As a cycle tour operator, we have watched as cycle tours on regular/conventional bicycles have become less common than tours now using e-bikes. When we first started offering tours in 2011, we didn’t have any e-bikes in our fleet and very few people owned an e-bike. ‘Due to popular demand’, we purchased a few e-bikes and uptake was not significant at first, largely due to peoples’ prevailing idea that an e-bike was cheating. The number of e-bikes in our fleet has increased significantly and for some time we have had questions going through our minds “ are they ( e-bikes) a good thing for the environment and how eco-friendly is e-bike touring?”. Getting answers to those questions has proved easier said than done. As we have read and spent hours considering how e-bikes align with our kaitiakitanga – the Māori concept of guardianship and protection of the environment. We have found a few surprising facts and figures and insight into some of the answers we seek. We would like to share a brief summary of what we found.
Firstly, when you consider what resources are needed to manufacture a bicycle, it seems obvious that a bike that needs electrics , a motor and a battery, in addition to the usual components of a bike, uses more materials and energy to make it. One source of information (https://www.bikeradar.com/features/long-reads/cycling-environmental-impact/) that gave good comparisons, noted that ‘The ECF ( a research organisation called European Cyclists Federation) estimates that e-bikes have a higher average manufacturing carbon footprint than conventional bikes, at 134kg CO2e compared to 96kg’.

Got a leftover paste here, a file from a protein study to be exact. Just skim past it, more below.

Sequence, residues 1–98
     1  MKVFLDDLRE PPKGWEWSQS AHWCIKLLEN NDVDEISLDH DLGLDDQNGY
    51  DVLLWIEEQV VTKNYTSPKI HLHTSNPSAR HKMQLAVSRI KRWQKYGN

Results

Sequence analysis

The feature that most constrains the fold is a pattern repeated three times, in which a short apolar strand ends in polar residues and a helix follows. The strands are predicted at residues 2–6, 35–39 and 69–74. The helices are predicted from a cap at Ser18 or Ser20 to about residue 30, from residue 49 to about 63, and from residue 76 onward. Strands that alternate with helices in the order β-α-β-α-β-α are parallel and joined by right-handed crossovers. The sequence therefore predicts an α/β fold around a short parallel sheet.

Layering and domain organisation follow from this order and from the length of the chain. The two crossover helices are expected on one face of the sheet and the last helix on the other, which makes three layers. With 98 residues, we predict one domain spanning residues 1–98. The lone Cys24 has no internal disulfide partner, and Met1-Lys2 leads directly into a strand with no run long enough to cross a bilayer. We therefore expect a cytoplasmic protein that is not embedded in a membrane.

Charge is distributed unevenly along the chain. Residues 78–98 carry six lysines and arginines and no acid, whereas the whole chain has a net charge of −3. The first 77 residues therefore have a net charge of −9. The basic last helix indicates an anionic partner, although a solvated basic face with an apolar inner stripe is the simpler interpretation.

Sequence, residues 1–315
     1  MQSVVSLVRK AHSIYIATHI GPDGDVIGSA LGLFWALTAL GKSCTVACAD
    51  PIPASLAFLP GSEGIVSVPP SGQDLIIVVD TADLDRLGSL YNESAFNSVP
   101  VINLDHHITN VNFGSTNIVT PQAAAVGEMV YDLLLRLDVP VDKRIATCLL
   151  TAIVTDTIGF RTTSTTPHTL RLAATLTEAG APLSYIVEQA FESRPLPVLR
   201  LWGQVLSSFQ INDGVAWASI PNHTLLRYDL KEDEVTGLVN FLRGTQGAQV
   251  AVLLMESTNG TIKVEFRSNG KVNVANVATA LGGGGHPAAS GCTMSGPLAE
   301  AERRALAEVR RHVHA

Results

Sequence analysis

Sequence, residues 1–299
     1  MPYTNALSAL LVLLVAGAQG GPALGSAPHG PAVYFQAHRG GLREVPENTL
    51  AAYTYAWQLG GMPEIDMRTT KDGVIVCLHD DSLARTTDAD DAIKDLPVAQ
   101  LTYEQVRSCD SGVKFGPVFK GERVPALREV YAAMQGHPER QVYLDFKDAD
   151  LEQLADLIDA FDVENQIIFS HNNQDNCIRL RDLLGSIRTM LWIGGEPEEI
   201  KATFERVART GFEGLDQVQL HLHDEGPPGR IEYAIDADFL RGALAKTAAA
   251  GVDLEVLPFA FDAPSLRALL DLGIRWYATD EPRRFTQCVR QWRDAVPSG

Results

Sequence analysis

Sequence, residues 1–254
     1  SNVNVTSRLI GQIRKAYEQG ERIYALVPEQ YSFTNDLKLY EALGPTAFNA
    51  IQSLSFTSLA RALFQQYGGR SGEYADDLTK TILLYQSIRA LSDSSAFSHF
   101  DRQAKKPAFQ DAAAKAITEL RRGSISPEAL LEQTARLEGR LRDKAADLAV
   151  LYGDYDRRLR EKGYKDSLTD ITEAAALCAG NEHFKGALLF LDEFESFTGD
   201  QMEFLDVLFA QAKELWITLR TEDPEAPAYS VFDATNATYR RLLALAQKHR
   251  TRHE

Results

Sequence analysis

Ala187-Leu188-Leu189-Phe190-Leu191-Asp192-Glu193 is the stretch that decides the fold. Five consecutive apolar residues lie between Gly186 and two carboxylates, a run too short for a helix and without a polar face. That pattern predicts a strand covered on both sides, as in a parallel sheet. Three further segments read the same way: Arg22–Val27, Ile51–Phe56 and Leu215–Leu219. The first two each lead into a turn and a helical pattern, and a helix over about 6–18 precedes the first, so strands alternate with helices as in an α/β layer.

So that is the manufacture of a bike, but that is only the start of the life of a bike. You then need to consider its Life Cycle ( it’s a thing, not a pun!). When manufacture, operation, maintenance, and disposal are considered for each bike type, there are some similarities. They will both need tyres and components replaced. We have noticed that the brake pads, chains and cassettes need changed more often on e-bikes.
There are GHG ( Greenhouse gases) emissions associated with the manufacture and disposal of a bicycle. This can then be divided by the average number of kilometres it will travel between production and disposal. It therefore follows that the more Kms a bike does in its lifetime the more environmentally friendly it will be. It remains to be seen how long the average life-span of an e-bike will be. I suspect it will be much shorter than a regular bike, even if they were both well-maintained .
The operation of a bike, meaning what it takes to get a bike to move, needs energy. For a regular bike this comes from the person who provides the energy that comes from their food supply. The same also applies to e-bikes, especially as more and more are pedal-assist so the person has to still expend energy. The report points out that this is where a significant difference lies as it’s calculations show e-cyclists ‘needing’ less calories to travel the same distance.
The emissions from producing the extra food required to ‘fuel’ the cyclist per kilometre was considered in the report. This is done by working out how many extra calories it takes to cycle each kilometre and multiplying it by the average food production emissions per calorie of food produced.